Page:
Disability in Relationships

Discussion in 'Family, Friends and Relationships' started by Twocky61, Sep 12, 2014.

  1. Twocky61

    Twocky61 Banned Member

    In the 80's when I was serving a Borstal (Young Offenders) sentence I achieved enhanced inmate status which allows extra privileges. One of these privileges is having the option to be released on temporary license (ROTL) each day to work outside in the community thus aiding your rehabilitation back into the community.Whilst working at a local residential home one of my charges I helped was quadriplegic (paralysed from the neck down). We got on quite well & when it came to two days before my release we parted & promised to keep in touch. The next day was discharge routine signing release papers & seeing the doc to make sure I was medically fit to be released (even if I was not I am definately not letting that stop me lol). Then the day after I was out of the gate.

    A week later I recieved a letter from Christine (she uses a typewriter tapping the keys with a pencil in her mouth like a demented wodpecker lol) I promptly replied. We wrote to each other week by week until I decided I would turn up & suprise her, We hugged hello and we sat talking over coffee and she invited me for lunch. Her personal carer left me to feed Christine. At the end of the day we parted with my promise I would come & see her every week, which I did.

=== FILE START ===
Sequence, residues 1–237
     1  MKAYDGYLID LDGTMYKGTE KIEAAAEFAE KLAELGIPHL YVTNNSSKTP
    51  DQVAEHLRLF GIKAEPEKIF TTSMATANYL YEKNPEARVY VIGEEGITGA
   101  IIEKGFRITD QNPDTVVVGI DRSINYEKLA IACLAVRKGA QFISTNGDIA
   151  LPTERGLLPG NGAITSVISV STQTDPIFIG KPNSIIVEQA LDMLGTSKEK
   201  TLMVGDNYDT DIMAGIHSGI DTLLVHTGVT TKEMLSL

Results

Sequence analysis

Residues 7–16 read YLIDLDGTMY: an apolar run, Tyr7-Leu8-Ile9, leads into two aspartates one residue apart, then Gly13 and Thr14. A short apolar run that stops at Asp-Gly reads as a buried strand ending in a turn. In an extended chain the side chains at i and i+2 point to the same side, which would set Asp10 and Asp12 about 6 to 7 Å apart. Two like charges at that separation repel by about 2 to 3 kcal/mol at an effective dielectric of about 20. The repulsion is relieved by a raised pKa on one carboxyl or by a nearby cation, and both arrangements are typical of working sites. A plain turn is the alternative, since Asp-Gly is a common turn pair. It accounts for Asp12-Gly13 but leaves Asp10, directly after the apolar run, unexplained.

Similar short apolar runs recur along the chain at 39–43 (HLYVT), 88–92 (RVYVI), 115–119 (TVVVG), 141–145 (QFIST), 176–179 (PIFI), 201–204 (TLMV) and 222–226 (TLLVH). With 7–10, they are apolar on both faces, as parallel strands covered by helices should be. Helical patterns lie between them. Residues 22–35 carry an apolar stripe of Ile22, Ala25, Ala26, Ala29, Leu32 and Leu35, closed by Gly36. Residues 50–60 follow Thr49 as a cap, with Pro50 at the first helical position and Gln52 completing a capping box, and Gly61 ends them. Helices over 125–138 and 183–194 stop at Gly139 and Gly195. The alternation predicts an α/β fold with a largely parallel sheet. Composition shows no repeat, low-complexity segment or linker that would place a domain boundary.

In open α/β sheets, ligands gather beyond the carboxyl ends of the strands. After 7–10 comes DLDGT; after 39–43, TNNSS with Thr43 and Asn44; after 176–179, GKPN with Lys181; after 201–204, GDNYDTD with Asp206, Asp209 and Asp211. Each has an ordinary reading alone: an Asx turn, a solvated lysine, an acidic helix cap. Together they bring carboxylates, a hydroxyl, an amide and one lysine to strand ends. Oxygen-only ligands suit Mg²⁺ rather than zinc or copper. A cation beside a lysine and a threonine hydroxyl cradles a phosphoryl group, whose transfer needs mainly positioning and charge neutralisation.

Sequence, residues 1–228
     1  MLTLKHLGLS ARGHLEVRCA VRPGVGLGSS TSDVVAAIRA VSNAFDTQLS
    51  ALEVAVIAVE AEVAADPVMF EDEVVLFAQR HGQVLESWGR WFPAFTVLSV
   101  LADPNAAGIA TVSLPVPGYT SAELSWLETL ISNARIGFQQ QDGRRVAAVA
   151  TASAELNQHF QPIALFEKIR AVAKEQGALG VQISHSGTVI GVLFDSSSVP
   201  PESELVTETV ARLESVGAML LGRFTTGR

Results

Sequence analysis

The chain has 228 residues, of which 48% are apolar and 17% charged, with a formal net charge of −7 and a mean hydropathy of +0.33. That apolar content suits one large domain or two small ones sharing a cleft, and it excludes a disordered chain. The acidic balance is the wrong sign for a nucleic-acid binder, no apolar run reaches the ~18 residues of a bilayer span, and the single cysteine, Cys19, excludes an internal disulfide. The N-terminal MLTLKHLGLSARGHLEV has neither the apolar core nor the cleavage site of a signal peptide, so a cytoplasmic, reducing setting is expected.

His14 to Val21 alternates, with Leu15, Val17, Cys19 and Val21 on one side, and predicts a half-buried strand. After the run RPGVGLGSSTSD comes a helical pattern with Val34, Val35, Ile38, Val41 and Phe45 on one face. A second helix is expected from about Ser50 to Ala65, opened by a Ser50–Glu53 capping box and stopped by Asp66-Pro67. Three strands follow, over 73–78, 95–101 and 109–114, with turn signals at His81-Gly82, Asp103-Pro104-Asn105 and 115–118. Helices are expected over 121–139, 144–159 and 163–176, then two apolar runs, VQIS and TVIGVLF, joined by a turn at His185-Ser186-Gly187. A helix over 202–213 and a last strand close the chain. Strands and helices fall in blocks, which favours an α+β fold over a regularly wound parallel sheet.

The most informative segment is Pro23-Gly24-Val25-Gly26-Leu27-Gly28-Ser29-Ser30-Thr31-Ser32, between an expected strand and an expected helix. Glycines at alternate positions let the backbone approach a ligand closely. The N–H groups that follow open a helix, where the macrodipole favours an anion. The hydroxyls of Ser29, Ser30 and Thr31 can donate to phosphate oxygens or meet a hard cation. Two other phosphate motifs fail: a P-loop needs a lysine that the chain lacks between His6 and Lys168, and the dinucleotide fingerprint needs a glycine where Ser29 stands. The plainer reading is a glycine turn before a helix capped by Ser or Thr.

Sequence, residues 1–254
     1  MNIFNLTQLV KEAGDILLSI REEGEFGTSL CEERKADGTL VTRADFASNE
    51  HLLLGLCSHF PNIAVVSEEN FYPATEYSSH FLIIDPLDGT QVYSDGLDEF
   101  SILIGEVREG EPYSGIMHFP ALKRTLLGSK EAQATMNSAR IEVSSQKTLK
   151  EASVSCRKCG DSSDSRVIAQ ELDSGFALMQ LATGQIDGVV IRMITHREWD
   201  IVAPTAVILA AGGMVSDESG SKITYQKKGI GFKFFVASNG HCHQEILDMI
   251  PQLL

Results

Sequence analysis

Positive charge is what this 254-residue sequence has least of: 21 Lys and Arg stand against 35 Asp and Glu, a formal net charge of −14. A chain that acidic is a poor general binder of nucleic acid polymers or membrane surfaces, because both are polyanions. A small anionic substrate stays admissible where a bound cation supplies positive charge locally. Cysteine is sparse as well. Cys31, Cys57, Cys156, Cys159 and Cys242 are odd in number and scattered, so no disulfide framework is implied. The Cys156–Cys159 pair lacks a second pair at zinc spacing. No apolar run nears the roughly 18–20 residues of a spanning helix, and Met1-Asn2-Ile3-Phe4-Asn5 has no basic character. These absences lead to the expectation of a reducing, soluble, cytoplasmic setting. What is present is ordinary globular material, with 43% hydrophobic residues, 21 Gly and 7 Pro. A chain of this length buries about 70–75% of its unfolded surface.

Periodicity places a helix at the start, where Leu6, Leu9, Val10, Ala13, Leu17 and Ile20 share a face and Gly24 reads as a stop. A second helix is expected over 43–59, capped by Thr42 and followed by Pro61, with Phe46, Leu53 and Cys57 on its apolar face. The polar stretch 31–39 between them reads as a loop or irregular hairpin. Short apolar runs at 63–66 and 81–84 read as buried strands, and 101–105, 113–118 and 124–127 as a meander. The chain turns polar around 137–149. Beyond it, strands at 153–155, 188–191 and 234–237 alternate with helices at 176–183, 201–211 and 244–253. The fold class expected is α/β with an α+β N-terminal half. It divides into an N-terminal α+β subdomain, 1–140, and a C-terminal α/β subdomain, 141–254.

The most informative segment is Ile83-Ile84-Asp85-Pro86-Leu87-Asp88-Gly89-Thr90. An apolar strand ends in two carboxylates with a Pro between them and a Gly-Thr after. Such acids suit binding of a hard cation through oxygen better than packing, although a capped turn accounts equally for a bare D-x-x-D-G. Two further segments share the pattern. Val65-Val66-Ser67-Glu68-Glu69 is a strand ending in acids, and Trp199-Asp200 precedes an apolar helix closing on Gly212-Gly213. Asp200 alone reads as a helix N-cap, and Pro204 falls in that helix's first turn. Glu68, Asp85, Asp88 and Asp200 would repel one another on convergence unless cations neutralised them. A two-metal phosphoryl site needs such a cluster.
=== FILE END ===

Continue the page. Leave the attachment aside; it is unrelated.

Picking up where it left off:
Eventually I asked staff if I could take her out for the day. They were dubious but allowed me to, but with a nurse chaperoning us as an observor to see if I could cope with Christine's needs,

    We went round a safari park as where else can you take a paralysed person in a wheelchair? Little did I know the possibilities are endless which I will come to later.

    During the day came the awkward situation: "I need to go to the toilet". I looked at the nurse. "You're on your own there Nick, I am just an observor". So I took Christine to the toilet trying not to look but Christine, obviously sensing my embarrassment made joke of the situation. Knickers back on we carried on with our day out.

    Back at the residential home I put Christine to bed whilst staff discussed whether I could cope with Christine's need alone. They called me into the office and approved further days out. So from then on Christine & I had weekly days out without a chaperone